As a general rule, assets and liabilities are presented as current and non-current in the statement of financial position (IAS 1.60).
Current / non-current classification of liabilities
General criteria for liabilities
An entity classifies a liability as current when (IAS 1.69):
- it expects to settle the liability in its normal operating cycle;
- it holds the liability primarily for the purpose of trading;
- the liability is due to be settled within twelve months after the reporting period; or
- it does not have an unconditional right to defer settlement of the liability for at least twelve months after the reporting period.
If none of the above criteria is met, a liability is classified as non-current.
Amendment to IAS 1
In 2020, the IASB issued an amendment to IAS 1 clarifying requirements for classifying liabilities as current or non-current. Original effective date of this amendment was set on 1 January 2022, but it was then deferred to 1 January 2023 (and can be deferred further to 2024 – see section on covenants). According to the IASB, these amendments clarify, but do not change, requirements of IAS 1.
More discussion about this amendment can be found in the sections that follow.
Build your expert-level skill set and earn your official MO-201 Excel Expert Certification from Microsoft.
Meaning of settlement
The amendment to IAS 1 clarified the meaning of settlement for the purpose of classifying a liability as current or non-current. Settlement is the transfer of economic resources or own equity instruments to the counterparty that results in the extinguishment of the liability (IAS 1.76A).
An unconditional right to defer settlement of the liability
Paragraph IAS 1.69(d) states that a liability is classified as current if an entity ‘does not have an unconditional right to defer settlement of the liability for at least twelve months after the reporting period’.
Therefore, when it comes to liabilities, the classification as current or non-current is not a matter of expectations of the entity (as is the case with assets). Lack of unconditional right to defer settlement for at least a year makes a liability current. Provisions for claims and litigation are a typical example of a liability when entities usually do not have such a right and therefore these provisions should be classified as current, even if the court case is expected to last for many years.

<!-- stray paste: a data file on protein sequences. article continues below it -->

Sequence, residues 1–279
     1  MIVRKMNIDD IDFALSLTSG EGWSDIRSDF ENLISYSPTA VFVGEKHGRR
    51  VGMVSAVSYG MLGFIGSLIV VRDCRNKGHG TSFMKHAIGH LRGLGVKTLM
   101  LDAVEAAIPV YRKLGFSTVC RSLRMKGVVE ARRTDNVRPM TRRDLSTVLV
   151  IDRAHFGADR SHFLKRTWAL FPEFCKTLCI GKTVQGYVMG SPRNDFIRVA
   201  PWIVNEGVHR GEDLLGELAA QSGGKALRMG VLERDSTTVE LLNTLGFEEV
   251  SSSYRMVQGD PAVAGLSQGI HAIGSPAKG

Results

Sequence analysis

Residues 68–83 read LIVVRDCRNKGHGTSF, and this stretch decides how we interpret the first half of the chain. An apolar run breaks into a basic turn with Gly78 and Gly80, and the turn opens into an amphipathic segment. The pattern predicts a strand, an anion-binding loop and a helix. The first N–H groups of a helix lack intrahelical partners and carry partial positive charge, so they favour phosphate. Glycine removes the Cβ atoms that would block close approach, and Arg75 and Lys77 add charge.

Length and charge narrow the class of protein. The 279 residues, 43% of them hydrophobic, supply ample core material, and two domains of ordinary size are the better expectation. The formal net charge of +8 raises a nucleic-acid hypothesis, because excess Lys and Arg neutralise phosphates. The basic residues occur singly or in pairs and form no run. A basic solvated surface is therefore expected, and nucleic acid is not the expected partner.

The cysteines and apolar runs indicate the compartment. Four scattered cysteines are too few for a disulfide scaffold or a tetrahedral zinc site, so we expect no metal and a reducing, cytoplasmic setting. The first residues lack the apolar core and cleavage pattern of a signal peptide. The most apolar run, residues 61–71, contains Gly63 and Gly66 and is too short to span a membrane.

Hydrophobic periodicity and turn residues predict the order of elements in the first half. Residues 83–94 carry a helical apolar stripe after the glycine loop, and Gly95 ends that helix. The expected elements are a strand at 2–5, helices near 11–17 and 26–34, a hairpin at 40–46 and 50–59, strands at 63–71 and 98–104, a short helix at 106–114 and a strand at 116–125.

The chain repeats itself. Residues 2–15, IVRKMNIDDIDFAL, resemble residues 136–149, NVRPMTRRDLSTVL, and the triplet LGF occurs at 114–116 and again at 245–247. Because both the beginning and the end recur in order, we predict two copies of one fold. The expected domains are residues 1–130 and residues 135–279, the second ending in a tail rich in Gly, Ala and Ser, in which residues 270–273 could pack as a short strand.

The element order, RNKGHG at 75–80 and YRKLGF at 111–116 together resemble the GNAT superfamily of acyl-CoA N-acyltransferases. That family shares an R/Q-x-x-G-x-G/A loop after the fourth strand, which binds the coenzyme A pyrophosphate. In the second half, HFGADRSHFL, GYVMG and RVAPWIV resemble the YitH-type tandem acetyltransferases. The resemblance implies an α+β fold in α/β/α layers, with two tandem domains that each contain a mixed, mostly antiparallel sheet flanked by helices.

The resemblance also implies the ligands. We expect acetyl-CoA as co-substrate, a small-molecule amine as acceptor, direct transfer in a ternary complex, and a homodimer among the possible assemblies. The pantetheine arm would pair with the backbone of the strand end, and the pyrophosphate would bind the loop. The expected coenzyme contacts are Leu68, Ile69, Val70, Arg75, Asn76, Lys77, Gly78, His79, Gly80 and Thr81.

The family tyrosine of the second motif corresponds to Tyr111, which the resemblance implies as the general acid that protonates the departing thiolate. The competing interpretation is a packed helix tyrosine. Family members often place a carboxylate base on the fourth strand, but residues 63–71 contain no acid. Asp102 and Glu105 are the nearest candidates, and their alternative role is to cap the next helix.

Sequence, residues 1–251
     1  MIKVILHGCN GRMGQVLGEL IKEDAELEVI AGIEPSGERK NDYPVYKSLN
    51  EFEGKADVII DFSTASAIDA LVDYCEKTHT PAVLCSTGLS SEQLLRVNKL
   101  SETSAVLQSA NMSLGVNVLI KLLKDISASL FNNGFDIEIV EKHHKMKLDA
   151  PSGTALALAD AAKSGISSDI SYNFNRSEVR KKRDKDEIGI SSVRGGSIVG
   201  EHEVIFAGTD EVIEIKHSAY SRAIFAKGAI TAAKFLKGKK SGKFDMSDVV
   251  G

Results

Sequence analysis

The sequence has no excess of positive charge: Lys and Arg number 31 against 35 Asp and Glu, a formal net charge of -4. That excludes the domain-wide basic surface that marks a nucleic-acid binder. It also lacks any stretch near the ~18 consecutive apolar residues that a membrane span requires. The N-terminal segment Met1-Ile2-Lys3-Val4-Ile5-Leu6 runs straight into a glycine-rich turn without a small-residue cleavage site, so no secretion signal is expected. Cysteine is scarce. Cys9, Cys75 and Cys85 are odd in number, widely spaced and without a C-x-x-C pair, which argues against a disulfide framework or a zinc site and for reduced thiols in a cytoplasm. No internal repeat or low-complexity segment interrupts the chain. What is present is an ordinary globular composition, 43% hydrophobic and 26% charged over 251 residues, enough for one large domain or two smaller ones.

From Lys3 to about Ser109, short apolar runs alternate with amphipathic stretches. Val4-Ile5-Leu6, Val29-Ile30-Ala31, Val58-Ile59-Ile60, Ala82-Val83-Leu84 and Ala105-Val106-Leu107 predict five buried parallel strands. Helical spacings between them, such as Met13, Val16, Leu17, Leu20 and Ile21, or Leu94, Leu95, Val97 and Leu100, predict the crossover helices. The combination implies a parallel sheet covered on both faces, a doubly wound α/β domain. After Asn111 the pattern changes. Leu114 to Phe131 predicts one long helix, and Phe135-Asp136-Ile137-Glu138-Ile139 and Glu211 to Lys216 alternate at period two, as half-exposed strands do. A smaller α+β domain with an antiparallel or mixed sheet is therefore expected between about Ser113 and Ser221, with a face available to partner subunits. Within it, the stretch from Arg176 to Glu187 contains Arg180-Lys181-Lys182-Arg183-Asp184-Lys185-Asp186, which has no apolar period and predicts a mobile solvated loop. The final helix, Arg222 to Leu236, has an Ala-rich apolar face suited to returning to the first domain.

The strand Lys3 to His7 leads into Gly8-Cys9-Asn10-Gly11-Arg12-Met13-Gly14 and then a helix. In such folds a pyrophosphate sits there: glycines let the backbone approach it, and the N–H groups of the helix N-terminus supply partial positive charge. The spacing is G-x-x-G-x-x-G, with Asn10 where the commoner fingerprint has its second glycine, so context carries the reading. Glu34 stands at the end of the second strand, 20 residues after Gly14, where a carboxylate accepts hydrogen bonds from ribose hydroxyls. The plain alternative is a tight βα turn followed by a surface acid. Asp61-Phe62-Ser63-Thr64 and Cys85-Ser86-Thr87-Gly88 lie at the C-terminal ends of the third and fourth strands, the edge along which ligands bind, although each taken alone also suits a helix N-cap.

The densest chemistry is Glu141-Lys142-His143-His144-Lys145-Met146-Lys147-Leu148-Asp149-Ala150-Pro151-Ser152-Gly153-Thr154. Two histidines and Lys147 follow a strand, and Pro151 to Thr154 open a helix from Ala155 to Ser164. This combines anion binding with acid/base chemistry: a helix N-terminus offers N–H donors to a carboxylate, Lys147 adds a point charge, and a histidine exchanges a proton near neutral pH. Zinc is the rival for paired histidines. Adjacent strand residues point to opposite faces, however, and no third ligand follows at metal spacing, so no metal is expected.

On the other hand, when an entity intends to settle an obligation within a year from the reporting date, but (1) this is before the contractual due date and (2) the entity has an unconditional right to defer the settlement – such a liability is classified as non-current.
The latest amendment to IAS 1 further clarified this approach (IAS 1.75A, BC48C(b)). Additionally, the amendment changed ‘unconditional’ right to ‘substantive’ right to reflect the fact that loans are often not 100% unconditional (e.g. there are covenants to be complied with).
Example – Revolving credit facility
On 1 June 20X1, Entity A arranges a revolving credit facility (‘RCF’) with a bank. RCF allows Entity A to draw down up to $2 million any time, with repayments possible at any time as well. Interest is charged only on the withdrawal amount and not on the entire RCF limit. RCF is valid for 5 years provided that Entity A maintains debt to EBITDA ratio lower than 3.
On 10 November 20X1, Entity A draws down $1.5 million to cover higher marketing expenses anticipated in December 20X1. This amount remains outstanding at 31 December 20X1 (annual reporting date) and Entity A expects to repay it during the first quarter of the following year (20X2). Debt to EBITDA ratio remains below 3 at 31 December 20X1.
Despite the intention to repay the outstanding amount in three months, Entity A classifies $1.5 million as a non-current liability at 31 December 20X1. This is because it has an unconditional right to defer settlement for at least twelve months after the reporting period.
Rollover is the renewal of loan, when instead of paying back debt at maturity, an entity ‘rolls it over’ into a new loan. When an entity expects to roll over an obligation under an existing loan facility, this can be taken into account for the purpose of current/non-current distinction only if the operation is fully at the discretion of the entity (IAS 1.73).
Impact of the amendment
The amendment to IAS 1 changed paragraph IAS 1.73 so that a ‘substantive’ right to roll over an obligation for at least twelve months after the reporting period under an existing loan facility will make such a liability a non-current irrespective of management’s intent.
Start visualising your accounting data with interactive Excel dashboards.
Many financing agreements include covenants and the existence of covenants does not warrant a classification of a liability as current. Only when the covenants are breached at the reporting date with the effect that the liability becomes payable in the next 12 months, such a liability is classified as current. This is because the entity does not have an unconditional right to defer the settlement for at least twelve months after the reporting date (IAS 1.74).